A bleak film which tells the story of how teenager Kayleigh Haywood was groomed online by a stranger and then brutally raped and murdered has been released by police.
The film, called Kayleigh's Love Story, charts the last fortnight of her life and warns parents and children of the dangers of online grooming.
Kayleigh, 15, was killed by Stephen Beadman in November 2015 after being bombarded with messages on Facebook and other social media sites for around two weeks by his 28-year-old neighbour Luke Harlow.
Over a fortnight, they exchanged 2,643 messages.
Harlow groomed Kayleigh, along with two other girls he had also been speaking to, but it was Kayleigh who finally agreed to his requests to spend the night at his house.
The five-minute short was made with the support of Kayleigh's parents and has already been shown at schools in Leicestershire and Rutland.
Leicestershire Police said 35 children found the courage to come forward and report possible cases of grooming to officers after seeing the film.
The award-winning film, which begins with a warning that it would have a 15 certificate if shown in a cinema, starts by showing how Kayleigh began receiving messages from Harlow.
As the pair exchange messages, the film cuts between scenes of Kayleigh at home with her family and Harlow smoking a cigarette in his flat.
It also shows examples of messages Harlow sent the teenage girl as he groomed her.
"Mum and dad wouldn't understand, they don't know that he's different," the actress playing Kayleigh says.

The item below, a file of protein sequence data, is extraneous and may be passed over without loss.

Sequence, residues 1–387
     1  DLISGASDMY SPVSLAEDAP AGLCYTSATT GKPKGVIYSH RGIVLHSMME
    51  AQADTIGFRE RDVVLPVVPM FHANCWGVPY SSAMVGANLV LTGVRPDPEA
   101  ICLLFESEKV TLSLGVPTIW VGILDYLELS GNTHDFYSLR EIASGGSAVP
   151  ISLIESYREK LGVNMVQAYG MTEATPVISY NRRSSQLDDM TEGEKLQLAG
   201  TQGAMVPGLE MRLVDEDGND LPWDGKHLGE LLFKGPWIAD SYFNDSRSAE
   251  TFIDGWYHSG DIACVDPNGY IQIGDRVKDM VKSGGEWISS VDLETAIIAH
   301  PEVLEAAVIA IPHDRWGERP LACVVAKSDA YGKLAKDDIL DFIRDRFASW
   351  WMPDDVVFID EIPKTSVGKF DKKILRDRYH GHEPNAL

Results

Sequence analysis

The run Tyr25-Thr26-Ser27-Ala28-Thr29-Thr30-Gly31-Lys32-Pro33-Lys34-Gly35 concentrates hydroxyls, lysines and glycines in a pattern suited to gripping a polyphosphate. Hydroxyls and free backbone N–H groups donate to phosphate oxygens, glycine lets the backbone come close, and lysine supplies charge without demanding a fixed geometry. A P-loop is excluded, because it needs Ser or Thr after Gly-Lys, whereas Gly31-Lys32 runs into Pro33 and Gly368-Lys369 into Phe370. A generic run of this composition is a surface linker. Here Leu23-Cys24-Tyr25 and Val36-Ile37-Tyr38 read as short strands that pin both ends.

The film shows Kayleigh meeting Harlow at his house on Friday 13 November, where she spent the next day.
In the early hours of Sunday 15 November, having been held against her will by Harlow and his next door neighbour Stephen Beadman, Kayleigh was raped and murdered by Beadman.
The video ends by warning: "Stop and think. When you meet someone online, you don't always know who you are talking to."
The film was shot in various locations across Leicestershire and Nottingham by Affixxius Films.
Miles Latham, managing partner of Affixxius Films, told The Independent: "It is one of the most intricate projects we have ever taken on. The production of a film this graphically accurate, while the case was still going on, is unheard of.
"Very few police forces would have the courage to get the family's permission. There were obvious difficulties having to work with Kayleigh's mum and dad, which was incredibly difficult.
"They were obviously broken, hollow people. But to give them enormous credit, they were one hundred per cent behind the project from the beginning. They endorsed the film wholeheartedly."
He said the video agency wanted to capture the character of Kayleigh in the film. "We wanted her to walk like Kayleigh, to move like Kayleigh, to interact with her family like Kayleigh did."
Leicestershire Police gave them access to all of the digital messages exchanged between Kayleigh and Harlow, allowing them to build their script. "It's like reading something out of a horror film," Mr Latham said.
He said he hoped the film would "reinforce a message which is as old as time: Don't talk to strangers.
"The only way we can stop other incidences like Kayleigh's happening is if young adults have a moment of realisation and are able to realise that things could develop."
Leicestershire's Deputy Chief Constable Roger Bannister said: "What happened to Kayleigh was horrific but we are pleased that some good is coming from the awful tragedy and that this film is raising far greater awareness of the dangers of online grooming and the signs that it may be happening."
Last July, Beadman, then 29, was sentenced to life imprisonment for the rape, false imprisonment and murder of the teenager, while Harlow was given a 12-year jail term for false imprisonment and grooming.